Self-control: Selbstkompetenz mit Langfristwirkung
In unserer neusten Publikation haben Forscherkolleg:innen und ich festgestellt, dass sich die Entwicklung von Selbstkontrolle in der späten Kindheit und frühen Adoleszenz langfristig auf Sozial- und Selbstkompetenzen im Erwachsenenalter auswirken, und zwar unabhängig von Geschlecht, sozioökonomischen Status und Verhaltensproblemen im Jugendalter. Hier finden Sie die Originalpublikation zum Nachlesen:
Im folgenden eine kurze (englische) Zusammenfassung der wichtigsten Erkenntnisse:
The current study provided multiple insights into the role that adolescent personality plays in shaping willingness to forgive in adulthood. First, results indicated that levels of self-control
during adolescence were significantly associated with forgivingness over three decades later.
First, self-control as assessed here captured aspects of goal persistence and
willpower. Individuals with this capacity are likely to show greater commitment and success in goal achievement across multiple domains of life, including social and emotional goals. Past work suggests that forgivingness may provide a tool for those individuals whose goals are focused on environmental mastery (Hill & Allemand, 2010), and it may be valuable for those wishing to succeed in social settings (Lawler-Row & Piferi, 2006).
Second, adolescent self control may build to adult forgivingness through promoting social interactions. As noted earlier, multiple personality development theories point to feedback loops as a route to either deepening or reducing a dispositional tendency (Hill & Jackson, 2016; Roberts et al., 2008). Individuals higher on self-control tend to fare better in close relationships (see Fitzsimons & Finkel, 2011 for a review), in part because these individuals may engage more with relationship maintenance behaviors (Finkel & Campbell, 2001). Following those findings, during adolescence and young adulthood, high self-controlled individuals should experience more positive social interactions, and be included in more social settings, which in turn creates greater exposure to the benefits of forgivingness for maintaining those social networks.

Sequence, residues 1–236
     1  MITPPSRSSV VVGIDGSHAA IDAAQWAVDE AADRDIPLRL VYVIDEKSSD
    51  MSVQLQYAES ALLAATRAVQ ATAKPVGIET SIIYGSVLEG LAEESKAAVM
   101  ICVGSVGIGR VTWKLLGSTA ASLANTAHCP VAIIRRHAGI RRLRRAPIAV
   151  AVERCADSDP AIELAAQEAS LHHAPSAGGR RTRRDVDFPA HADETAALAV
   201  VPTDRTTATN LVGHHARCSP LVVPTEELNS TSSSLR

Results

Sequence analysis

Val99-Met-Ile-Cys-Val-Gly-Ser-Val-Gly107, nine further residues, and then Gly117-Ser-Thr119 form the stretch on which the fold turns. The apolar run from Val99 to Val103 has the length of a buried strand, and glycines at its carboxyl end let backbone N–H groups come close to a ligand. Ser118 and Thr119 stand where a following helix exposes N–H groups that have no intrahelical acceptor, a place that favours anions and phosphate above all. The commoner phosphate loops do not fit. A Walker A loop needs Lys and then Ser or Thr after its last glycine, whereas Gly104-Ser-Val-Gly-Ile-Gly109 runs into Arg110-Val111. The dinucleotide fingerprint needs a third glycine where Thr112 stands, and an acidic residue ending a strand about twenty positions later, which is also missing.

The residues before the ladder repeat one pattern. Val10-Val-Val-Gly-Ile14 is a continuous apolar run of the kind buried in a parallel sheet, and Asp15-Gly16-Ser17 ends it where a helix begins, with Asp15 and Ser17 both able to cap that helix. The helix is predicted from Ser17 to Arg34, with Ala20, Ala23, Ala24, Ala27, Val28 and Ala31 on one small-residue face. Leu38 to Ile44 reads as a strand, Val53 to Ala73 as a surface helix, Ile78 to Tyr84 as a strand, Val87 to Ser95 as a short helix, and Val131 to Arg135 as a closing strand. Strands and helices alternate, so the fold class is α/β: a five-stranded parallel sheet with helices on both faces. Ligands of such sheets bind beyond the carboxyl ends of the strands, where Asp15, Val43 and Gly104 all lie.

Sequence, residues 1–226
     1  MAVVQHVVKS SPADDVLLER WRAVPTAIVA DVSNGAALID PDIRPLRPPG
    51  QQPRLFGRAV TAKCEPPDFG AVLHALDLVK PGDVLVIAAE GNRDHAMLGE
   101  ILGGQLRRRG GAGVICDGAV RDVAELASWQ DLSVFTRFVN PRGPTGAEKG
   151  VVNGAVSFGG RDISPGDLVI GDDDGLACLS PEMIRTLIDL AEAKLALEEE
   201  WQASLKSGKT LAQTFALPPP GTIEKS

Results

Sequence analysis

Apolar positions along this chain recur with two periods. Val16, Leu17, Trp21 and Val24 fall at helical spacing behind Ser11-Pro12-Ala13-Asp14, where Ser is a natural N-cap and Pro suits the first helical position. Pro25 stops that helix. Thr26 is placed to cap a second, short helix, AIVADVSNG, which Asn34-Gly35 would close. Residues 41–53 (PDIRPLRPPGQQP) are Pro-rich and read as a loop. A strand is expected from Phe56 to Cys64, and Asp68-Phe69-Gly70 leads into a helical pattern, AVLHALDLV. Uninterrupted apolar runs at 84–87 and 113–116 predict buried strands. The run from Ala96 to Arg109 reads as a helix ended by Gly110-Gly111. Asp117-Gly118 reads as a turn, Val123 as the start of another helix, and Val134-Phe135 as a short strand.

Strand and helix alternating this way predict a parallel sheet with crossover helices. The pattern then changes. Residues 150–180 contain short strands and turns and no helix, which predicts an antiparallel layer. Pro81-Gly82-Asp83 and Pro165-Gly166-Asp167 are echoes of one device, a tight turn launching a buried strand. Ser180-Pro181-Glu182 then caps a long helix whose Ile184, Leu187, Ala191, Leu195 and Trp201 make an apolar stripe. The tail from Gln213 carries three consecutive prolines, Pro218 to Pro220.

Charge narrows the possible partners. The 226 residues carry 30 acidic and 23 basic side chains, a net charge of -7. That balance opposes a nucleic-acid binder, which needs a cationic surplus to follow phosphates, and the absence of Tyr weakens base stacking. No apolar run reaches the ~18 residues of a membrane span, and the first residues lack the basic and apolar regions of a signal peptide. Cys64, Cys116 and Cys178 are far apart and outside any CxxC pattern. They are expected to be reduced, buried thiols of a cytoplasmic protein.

Third, personality development theories have spoken to the potential for self-reflection and reputation to play a role in shaping dispositional changes (Geukes et al., 2018; Roberts et al., 2008; Wrzus & Roberts, 2017). Namely, individuals may be motivated to act in ways that both affirm their personal views of themselves, and maintain a positive reputation among their peers. Given that adolescence is a critical period for self and identity formation
(Erikson, 1959; Marcia, 1980), as well as one wherein peer perceptions may be important, it would seem plausible that youth who indicated that they were self-controlled would wish to continue acting aligned with that self-perception. Moreover, a reputational cost may be incurred if individuals fail to uphold that disposition. Revenge-seeking and vengefulness in the face of perceived transgressions may be seen as antagonistic to one's self-perception
and reputation as a self-controlled individual, and thus they may be motivated to be more forgiving in order to align with those perceptions.
In conclusion, self-control appears a potentially viable route for setting youth on the track for becoming more forgiving adults. Given that both predictive effects were evidenced for self-control level and change, these findings set the stage for considering how early interventions targeting self-control may have lasting effects. In future efforts toward developing self-control interventions targeting child and adolescent samples (Allemand et al., 2020; Allemand & Fluckiger, 2022), it would be valuable to consider forgivingness as an outcome of such programs. In this respect, forgivingness becomes yet another potential benefit experienced by self-controlled youth later in the lifespan, along with multiple health, wealth, and relationship benefits (Moffitt et al., 2011; Richmond-Rakerd et al., 2021).